Three days ago he’d been informed by the liaison officer at the CIA reception center in Berlin, a young man speaking in school-learned German, that Hans’ case would take some time. “Ist das klar?” the young man had asked.

it was not so simple. No, not so simple as the other refugees:

A short interview at the reception center, perhaps a few days, even a month, at a “hotel” the army maintained, then some marks and a “good luck and auf Wiedersehen.”

Sometimes there could be more, if the story were interesting enough. He’d talked to old acquaintances so he understood this.

It was not gemutlich — cheerful — sitting around the army’s transit housing for foreigners waiting to talk to someone who would remember his past importance. At last he had been invited here.

The inner door opened and a young woman approached. “Herr Smith will see you now,” she said in English.

Although his mother had been British, he hadn’t spoken English in years. All English-speaking in his Dresden home had stopped when Hitler marched into Poland on September 1, 1939. “Englisch ist verboten,” his mother had said. It was for his safety, she’d explained. And although he was five at the time, he had understood what she meant.

After the war and her death he had found hidden in a schrank her old English poetry books — poems of Shelley, Keats, Browning, the ones she couldn’t bear to burn, the ones she risked their lives to keep. He had struggled to read the poems, sounding out the words the way he’d been taught by his mother. Later he’d studied English at the university. Still he wasn’t comfortable in her language, would never be truly comfortable. He was too old now.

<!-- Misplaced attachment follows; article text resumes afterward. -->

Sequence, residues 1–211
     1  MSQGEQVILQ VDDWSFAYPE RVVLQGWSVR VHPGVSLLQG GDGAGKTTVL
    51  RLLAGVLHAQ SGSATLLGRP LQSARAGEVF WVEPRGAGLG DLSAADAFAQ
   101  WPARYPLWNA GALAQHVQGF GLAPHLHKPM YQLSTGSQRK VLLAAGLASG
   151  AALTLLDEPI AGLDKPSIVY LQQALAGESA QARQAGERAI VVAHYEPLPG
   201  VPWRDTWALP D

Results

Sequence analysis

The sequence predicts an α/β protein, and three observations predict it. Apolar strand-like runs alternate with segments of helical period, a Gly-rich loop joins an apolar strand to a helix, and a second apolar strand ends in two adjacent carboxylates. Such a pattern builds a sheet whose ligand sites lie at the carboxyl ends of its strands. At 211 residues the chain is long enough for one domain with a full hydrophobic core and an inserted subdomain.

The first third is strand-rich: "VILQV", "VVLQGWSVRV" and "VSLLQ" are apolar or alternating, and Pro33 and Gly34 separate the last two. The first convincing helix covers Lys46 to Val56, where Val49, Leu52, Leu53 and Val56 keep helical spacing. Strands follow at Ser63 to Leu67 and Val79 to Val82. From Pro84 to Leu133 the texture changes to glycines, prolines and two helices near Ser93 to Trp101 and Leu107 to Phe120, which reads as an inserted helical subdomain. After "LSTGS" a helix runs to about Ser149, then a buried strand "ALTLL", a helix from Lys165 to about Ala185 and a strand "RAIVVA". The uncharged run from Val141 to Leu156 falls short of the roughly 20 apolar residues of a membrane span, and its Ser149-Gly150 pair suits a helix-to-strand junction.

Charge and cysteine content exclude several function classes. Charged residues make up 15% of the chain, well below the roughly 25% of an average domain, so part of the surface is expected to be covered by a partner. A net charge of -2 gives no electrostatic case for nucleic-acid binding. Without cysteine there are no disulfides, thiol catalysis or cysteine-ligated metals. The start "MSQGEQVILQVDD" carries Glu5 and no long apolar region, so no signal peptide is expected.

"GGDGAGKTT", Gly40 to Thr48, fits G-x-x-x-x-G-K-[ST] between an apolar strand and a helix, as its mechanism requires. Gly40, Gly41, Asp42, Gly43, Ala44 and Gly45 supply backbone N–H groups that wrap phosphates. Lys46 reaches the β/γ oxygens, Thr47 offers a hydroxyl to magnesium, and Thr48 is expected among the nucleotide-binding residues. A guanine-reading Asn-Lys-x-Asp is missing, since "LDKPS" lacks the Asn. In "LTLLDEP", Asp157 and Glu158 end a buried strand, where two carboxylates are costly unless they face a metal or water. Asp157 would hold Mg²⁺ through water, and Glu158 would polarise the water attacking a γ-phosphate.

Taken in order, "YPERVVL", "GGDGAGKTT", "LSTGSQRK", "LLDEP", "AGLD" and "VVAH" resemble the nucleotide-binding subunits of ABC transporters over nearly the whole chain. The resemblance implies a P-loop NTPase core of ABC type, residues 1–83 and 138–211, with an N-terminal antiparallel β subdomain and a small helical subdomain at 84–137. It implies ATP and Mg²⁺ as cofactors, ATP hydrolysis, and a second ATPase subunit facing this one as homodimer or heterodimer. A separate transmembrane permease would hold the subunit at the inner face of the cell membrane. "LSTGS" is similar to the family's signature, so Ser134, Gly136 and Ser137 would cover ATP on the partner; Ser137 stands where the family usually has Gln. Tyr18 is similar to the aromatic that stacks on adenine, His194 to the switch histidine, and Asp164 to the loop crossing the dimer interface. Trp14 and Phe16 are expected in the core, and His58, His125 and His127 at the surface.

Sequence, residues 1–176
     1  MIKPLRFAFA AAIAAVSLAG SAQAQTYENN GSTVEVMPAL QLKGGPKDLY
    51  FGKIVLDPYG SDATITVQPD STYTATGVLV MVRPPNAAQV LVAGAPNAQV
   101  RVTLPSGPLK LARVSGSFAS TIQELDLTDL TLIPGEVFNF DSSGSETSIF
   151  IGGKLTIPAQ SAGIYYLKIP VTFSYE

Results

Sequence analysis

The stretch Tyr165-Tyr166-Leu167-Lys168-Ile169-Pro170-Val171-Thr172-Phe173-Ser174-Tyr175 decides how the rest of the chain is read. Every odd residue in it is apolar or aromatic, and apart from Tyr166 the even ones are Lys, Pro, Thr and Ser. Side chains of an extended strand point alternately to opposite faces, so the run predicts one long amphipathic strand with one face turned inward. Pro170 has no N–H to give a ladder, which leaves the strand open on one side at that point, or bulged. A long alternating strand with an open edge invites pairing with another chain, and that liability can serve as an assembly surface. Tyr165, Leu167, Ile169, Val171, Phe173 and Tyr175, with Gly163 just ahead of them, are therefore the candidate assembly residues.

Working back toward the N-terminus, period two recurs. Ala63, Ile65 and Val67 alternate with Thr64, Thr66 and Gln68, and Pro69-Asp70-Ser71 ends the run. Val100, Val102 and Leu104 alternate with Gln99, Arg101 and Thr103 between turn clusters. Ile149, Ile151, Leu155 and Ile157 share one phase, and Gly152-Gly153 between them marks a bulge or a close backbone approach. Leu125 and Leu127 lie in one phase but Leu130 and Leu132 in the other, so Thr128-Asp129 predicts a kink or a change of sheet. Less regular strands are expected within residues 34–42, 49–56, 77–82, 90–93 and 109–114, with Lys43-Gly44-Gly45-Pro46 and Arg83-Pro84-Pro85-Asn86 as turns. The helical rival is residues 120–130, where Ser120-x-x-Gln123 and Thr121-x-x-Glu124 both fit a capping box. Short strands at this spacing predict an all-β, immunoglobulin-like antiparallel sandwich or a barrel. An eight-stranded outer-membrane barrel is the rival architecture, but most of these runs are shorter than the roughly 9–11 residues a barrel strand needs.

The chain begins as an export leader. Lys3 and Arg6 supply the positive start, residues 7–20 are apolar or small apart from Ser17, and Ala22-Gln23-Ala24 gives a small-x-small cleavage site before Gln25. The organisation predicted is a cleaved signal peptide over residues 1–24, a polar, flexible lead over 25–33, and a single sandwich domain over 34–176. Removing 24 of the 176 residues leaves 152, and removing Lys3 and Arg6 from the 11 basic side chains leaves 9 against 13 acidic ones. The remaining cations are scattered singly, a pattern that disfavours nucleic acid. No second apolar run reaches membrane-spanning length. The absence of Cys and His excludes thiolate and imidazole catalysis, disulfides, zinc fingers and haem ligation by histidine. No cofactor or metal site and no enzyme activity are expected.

He rose and grabbed his hat from the seat, using his other hand to slick back his grey hair cut close to his head. The woman led him through the door and down a narrow hallway. She paused outside a closed door, opened it without knocking, and motioned him inside.

Herr Smith unfolded his tall body from his desk chair to shake hands in the proper German manner. He appeared to be in his mid forties, his pin-striped suit jacket and pants tailored to his thin frame. Hans was aware of the contrast with his own stocky figure, his shiny suit pulled across his stomach. Herr Smith’s face could be German, round like his own. Herr Smith’s accent, when he opened his mouth to say “Guten Tag,” was definitely a foreigner’s. Hans answered in his British-accented English, “Good day.”

Herr Smith’s face relaxed at the English reply. “Please have a seat,” he said in English.

What did the man want from him? Would he demand a lengthy recitation of the case history? Or had he read the case beforehand?

Herr Smith peered at the papers in front of him. “We’ve reviewed your file. Washington has reviewed your file.” He paused.

“Yes?”

“I don’t believe a word of it.”

Hans Wermer’s breath caught in his chest. He had failed.

Herr Smith’s eyes pierced his own.

“They do. We’ve booked you on an early plane to Washington tomorrow morning. The people in Langley want to talk to you.”

Gut. Sehr gut. Hans’ caged breath hissed from his mouth. He would be meeting with important people. Much more important than Herr Smith in Berlin.

Herr Smith stood. “Here are your tickets and a German government-issued passport. That’s all you’ll need.”

Hans stood too and took the documents. He shook hands and inclined his head, then walked out of the office.

In the hall he smiled. He had passed the first test.

Copyright© Phyllis Zimbler Miller.